Your Complete Guide to Essential Foods for Healthy Vision

 

The Right Foods – Essential for Healthy Vision

Research suggests that antioxidants and other important nutrients may
reduce your risk of cataracts and macular degeneration. Specific antioxidants can have additional benefits as well; for example, vitamin A protects against blindness, and vitamin C may play a role in preventing or alleviating glaucoma.

Omega-3 essential fatty acids appear to help the eye in a variety of ways, from alleviating symptoms of dry eye syndrome to guarding against macular damage.

 

Eye Benefits Of Vitamins And Micronutrients

The following vitamins, minerals and other nutrients have been shown to be essential for good vision and may protect your eyes from sight-robbing conditions and diseases.

A healthy diet for your eyes should include plenty of colorful fruits and vegetables. 

Incorporating the following foods in your diet will help you get the Recommended Dietary Allowance (RDA) of these important eye nutrients. Established by the Institute of Medicine (National Academy of Sciences), the RDA is the average daily dietary intake level of a nutrient sufficient to meet the requirements of nearly all healthy individuals in a specific life stage and gender group.

While the RDA is a useful reference, some eye care practitioners recommend higher daily intakes of certain nutrients for people at risk for eye problems. In the following , mg = milligram; mcg = microgram (1/1000 of a mg) and IU = International Unit.

Beta-carotene

Eye benefits of beta-carotene: when taken in combination with zinc and vitamins C and E, beta-carotene may reduce the progression of macular degeneration.
Food sources: Carrots, sweet potatoes, spinach, kale, butternut squash.
RDA: None (most supplements contain 5,000 to 25,000 IU).

Eye Benefits of Bioflavonoids (Flavonoids)

Bioflavonoids may protect against cataracts and macular degeneration.
Food sources: Tea, red wine, citrus fruits, bilberries, blueberries, cherries, legumes, soy products.
RDA: None.

Lutein and Zeaxanthin 

Eye benefits of lutein and zeaxanthin: may prevent cataracts and macular degeneration.
Food sources: Spinach, kale, turnip greens, collard greens, squash.
RDA: None.

Omega-3 Fatty Acids

Eye benefits of omega-3 fatty acids: may help prevent macular degeneration (AMD) and dry eyes.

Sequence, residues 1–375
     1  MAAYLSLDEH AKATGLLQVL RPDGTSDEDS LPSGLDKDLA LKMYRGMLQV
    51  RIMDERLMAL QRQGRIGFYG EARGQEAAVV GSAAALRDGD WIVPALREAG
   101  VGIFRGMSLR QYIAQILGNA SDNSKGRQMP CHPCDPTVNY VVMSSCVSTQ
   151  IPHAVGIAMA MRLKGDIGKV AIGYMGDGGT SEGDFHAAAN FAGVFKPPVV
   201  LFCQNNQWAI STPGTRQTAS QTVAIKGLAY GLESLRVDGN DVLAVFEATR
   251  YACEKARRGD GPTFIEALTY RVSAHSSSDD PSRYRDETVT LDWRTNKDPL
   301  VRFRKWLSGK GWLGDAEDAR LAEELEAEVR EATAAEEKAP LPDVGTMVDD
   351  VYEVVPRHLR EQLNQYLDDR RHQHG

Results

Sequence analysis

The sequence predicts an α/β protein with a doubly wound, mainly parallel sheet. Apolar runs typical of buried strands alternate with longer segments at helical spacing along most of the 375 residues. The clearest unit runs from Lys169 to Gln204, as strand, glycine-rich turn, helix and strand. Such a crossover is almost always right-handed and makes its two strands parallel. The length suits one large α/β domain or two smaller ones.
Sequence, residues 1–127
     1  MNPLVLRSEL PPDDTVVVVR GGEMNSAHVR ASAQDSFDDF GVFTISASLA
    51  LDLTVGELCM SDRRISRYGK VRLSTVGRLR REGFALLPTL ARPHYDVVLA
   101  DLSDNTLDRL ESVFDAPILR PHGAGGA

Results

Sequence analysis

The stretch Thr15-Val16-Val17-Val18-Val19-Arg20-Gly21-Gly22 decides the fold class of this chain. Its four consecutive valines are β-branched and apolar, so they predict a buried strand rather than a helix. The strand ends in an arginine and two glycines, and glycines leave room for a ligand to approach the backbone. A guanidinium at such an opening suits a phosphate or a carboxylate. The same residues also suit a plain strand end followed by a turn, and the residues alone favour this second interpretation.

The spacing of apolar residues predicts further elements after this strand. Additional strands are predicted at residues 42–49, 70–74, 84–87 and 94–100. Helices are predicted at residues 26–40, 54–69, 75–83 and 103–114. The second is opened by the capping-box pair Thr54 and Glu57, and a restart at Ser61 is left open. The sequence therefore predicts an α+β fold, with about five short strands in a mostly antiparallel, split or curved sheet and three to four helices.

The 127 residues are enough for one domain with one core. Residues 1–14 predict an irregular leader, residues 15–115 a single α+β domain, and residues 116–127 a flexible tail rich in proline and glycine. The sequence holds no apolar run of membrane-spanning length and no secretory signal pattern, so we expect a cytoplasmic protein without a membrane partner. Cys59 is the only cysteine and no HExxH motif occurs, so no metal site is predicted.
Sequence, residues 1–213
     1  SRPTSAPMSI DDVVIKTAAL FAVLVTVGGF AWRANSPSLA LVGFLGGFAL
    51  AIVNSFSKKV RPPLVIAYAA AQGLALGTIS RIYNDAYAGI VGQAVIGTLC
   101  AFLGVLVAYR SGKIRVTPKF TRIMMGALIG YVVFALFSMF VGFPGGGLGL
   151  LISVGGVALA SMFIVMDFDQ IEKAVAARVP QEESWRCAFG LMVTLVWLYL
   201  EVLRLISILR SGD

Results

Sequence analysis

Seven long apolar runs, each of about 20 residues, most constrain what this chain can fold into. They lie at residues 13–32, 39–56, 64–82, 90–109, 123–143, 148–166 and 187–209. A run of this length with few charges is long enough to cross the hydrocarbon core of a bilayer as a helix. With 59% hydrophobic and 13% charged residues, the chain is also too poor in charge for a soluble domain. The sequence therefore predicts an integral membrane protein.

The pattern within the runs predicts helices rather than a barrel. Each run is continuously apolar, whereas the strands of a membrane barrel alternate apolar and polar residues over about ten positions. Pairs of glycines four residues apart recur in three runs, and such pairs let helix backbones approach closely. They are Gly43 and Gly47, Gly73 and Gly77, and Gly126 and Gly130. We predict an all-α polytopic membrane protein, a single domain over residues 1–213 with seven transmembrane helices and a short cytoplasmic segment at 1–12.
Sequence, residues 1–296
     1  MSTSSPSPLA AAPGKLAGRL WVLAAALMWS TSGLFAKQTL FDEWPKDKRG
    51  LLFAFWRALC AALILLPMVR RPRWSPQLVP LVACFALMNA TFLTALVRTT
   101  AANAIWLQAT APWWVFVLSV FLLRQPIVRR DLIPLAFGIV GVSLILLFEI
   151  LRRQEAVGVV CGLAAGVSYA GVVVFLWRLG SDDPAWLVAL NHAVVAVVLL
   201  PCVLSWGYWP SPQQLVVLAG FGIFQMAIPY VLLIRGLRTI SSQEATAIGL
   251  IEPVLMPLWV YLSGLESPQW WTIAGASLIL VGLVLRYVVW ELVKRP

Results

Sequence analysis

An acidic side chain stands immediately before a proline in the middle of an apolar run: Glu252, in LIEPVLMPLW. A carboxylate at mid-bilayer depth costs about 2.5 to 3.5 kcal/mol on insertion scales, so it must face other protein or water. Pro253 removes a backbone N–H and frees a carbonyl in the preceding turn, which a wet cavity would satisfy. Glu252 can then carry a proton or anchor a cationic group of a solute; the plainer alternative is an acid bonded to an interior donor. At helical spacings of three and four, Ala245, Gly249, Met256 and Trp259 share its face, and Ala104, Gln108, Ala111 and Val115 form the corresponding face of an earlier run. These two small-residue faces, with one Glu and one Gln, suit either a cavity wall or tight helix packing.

Food sources: Cold-water fish such as salmon, mackerel and herring; fish oil supplements, freshly ground flaxseeds, walnuts.
RDA: None; but for cardiovascular benefits, the American Heart Association recommends approximately 1,000 mg daily.

Selenium

Eye benefits of selenium: when combined with carotenoids and vitamins C and E, may reduce risk of advanced AMD.
Food sources: Seafood (shrimp, crab, salmon, halibut), Brazil nuts, enriched noodles, brown rice.
RDA: 55 mcg for teens and adults (60 mcg for women during pregnancy and 70 mcg when breast-feeding).

 
Vitamin A

Eye benefits of vitamin A: may protect against night blindness and dry eyes.
Food sources: Beef or chicken liver; eggs, butter, milk.
RDA: 3,000 IU for men; 2,333 IU for women (2,567 IU during pregnancy and 4,333 IU when breast-feeding).

 

Vitamin C  

Eye benefits of vitamin C: may reduce the risk of cataracts and macular degeneration.
Food sources: Sweet peppers (red or green), kale, strawberries, broccoli, oranges, cantaloupe.
RDA: 90 mg for men; 70 mg for women (85 mg during pregnancy and 120 mg when breast-feeding).

Vitamin D

Eye benefits of vitamin D: may reduce the risk of macular degeneration.
Food sources: Salmon, sardines, mackerel, milk; orange juice fortified with vitamin D.
RDA: None, but the American Academy of Pediatrics recommends 400 IU per day for infants, children and adolescents, and many experts recommend higher daily intakes for adults.

The best source of vitamin D is exposure to sunlight. Ultraviolet radiation from the sun stimulates production of vitamin D in human skin, and just a few minutes of exposure to sunlight each day (without sunscreen) will insure your body is producing adequate amounts of vitamin D.

Vitamin E